Does Canada Want its Citizens to go Vegan?

Canada is revising its Food Guide Guide in preparation for release in early 2018.  The Milk and Alternatives and Meat and Alternatives groups have been entirely eliminated and instead replaced by guiding principles for healthy eating based on the most recent peer-reviewed evidence.

I’ve seen many articles purporting that this new guide is encouraging Canadians to adopt a vegan diet. This is not exactly true, though it is true that milk and meat now belong to a general protein group that is made up largely of plant-based sources of protein.

This is definitely big news! Never in the history of the Canadian Food Guide has Health Canada steered Canadians towards choosing plant-based foods above all else, even touting their health and environmental benefits. Plant-based proteins are given precedence over traditional forms of protein such as meat, seafood, and dairy, and this has not come without its fair share of critics.

The best part is that you have a say in all this. Canada has opened up their draft guide to feedback and suggestions from the public, and it’s imperative we let them know that we want the focus on plant-based foods to stay put. I’ll outline how you can contribute later in this post, so keep reading to find out.

Guiding Principles

The proposed food guide has been divided into three guiding principles.

Guiding Principle 1: A variety of nutritious foods and beverages are the foundation for healthy eating.

Who could argue with this? The guiding principle goes on to elaborate that Canadians should have a regular intake of nutritious fruits, vegetables, grains, and protein – especially plant-based sources of protein. Legumes, nuts and seeds, and soy proteins take precedent over animal-based sources of protein. The guide also encourages a regular intake of water and eating foods that are low in saturated fat. It steers Canadians away from red meat and processed meat and encourages them to choose fibre-rich foods, and foods obtained through harvesting, hunting, trapping, or fishing.

The Take Home Message – Choose Plant-Based Foods

Guiding Principle 2: Processed or prepared foods high in sodium, sugars, or saturated fat undermine healthy eating.

Health Canada recommends limiting intake of foods and beverages high in sodium, sugars, and saturated fats. Included in this group are soft-drinks, fruit juices, and energy drinks. Avoiding such foods will protect oral health, and decrease Canadians’ risk for obesity and type 2 diabetes. The guide suggests recommends consulting the Nutrition Facts label on packaged foods to help identify levels of sodium, sugar, and saturated fat by using the % Daily Value numbers as a reference.

The Take-Home Message – Choose Whole Foods


Guiding Principle 3: Knowledge and skills are needed to navigate the complex food environment and support healthy eating.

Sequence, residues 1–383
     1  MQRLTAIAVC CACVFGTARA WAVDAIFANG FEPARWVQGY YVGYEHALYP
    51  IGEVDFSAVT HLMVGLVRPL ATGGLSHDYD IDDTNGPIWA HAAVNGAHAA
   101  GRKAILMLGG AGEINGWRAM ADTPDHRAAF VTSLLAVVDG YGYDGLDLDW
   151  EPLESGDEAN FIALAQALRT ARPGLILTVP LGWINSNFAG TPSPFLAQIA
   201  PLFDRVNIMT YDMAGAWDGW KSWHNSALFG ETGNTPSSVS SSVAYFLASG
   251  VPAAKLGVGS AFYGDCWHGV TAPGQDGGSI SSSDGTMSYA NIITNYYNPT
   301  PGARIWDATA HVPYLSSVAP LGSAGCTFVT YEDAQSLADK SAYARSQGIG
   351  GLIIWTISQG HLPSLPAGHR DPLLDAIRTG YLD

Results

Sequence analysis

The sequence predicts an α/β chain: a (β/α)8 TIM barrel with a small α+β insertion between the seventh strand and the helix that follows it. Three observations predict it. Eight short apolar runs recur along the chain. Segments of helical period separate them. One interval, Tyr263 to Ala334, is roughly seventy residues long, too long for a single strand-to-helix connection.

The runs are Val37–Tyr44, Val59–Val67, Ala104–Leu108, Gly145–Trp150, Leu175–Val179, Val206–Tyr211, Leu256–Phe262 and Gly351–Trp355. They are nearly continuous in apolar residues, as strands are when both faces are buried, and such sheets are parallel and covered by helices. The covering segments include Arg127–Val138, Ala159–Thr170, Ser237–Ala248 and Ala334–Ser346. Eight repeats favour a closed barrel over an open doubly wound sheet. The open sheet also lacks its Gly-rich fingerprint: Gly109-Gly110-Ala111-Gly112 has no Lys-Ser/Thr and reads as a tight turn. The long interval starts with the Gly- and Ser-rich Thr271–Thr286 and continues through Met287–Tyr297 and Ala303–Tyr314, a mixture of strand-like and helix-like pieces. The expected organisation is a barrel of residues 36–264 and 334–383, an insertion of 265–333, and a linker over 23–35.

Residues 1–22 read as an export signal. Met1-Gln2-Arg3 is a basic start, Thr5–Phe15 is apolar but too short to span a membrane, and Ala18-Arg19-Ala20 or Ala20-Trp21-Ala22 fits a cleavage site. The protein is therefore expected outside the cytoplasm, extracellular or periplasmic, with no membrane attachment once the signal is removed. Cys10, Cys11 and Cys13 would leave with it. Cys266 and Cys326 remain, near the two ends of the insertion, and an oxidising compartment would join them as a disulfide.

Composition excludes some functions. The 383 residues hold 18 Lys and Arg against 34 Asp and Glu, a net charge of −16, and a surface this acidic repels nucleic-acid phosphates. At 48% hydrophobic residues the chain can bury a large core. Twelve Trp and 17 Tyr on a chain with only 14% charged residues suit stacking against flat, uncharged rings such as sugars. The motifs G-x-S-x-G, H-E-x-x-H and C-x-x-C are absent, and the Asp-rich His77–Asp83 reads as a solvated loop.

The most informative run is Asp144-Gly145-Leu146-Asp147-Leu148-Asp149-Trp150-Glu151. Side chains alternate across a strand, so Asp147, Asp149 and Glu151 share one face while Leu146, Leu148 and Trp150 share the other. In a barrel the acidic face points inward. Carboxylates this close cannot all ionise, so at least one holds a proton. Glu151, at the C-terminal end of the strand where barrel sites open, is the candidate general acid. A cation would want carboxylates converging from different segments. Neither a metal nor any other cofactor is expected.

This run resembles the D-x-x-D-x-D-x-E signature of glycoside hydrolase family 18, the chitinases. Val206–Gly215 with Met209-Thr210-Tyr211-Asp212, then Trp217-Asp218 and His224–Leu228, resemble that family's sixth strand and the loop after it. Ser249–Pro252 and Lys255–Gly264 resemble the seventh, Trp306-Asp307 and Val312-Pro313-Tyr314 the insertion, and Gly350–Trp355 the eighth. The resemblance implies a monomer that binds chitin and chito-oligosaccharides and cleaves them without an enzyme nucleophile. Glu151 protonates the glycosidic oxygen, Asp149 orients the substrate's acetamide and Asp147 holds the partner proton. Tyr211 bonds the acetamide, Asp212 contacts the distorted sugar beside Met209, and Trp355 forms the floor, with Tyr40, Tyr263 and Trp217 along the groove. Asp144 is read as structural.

This section recommends that Canadians select healthy foods when shopping or eating out, prepare home-cooked meals with family and friends, and plan and prepare healthy meals in advance. Building a foundation of knowledge to supplement food choices is encouraged. Health Canada believes that preparing healthy meals together will help reinforce positive eating habits and aid in the development of a healthy relationship with food. The guide also suggests adopting mindful eating practices such as savouring every bite of food, and avoiding distractions while eating.

The Take-Home Message – Adopt Healthy Eating Habits

“Diets higher in plant-based foods and lower in animal-based foods are associated with a lesser environmental impact.”

The three guiding principles of the food guide culminate in Considerations including Determinants of HealthCultural Diversity, and Environment. Health Canada recognizes that socioeconomic status affects Canadians’ ability to make healthy food choices, and that food choices also differ culturally. The proposed healthy eating recommendations aim to improve the health of the whole country, and has thus considered the needs of various sub-groups to avoid unfair and avoidable differences in health status. Particular attention is placed on the effect our food choices have on the environment, touching briefly on greenhouse gas emissions, soil degradation, species extinction, and decrease in water quality. But in a first for a food guide, Health Canada places emphasis on the environmental benefits of choosing healthy eating, acknowledging that, “diets higher in plant-based foods and lower in animal-based foods are associated with a lesser environmental impact.”


There’s Still More Work to be Done

While Canada’s proposed food guide is leaps and bounds ahead of its current iteration, there is much room for improvement of or elaboration on some points which are only briefly explored. Certain recommendations seem to purposely skirt what are presumably delicate issues, providing some tidbits of information while excluding others.

What Constitutes Healthy Food?

The food guide frequently references healthy food and stresses the importance of making healthy food choices, but it does little to outline what exactly constitutes healthy food. The Considerations section of the guide encourages Canadians to make healthy food choices when shopping and eating out, and it also suggests building a foundation of nutritional knowledge to support making healthy food choices. But where is this knowledge meant to come from if not from Canada’s Food Guide? Many Canadians rely on their government’s food guide for information on adequate nutrition, yet this information is sorely lacking. There is a history of consumers being led astray with regard to healthy food options; programs like the now discontinued Health Check seal created by the Heart and Stroke and Foundation endorsed packaged foods high in sodium, sugar, and saturated fat. If Canadians are expected to make healthy food choices, then the Food Guide should offer definitive information on what is healthy and what is not.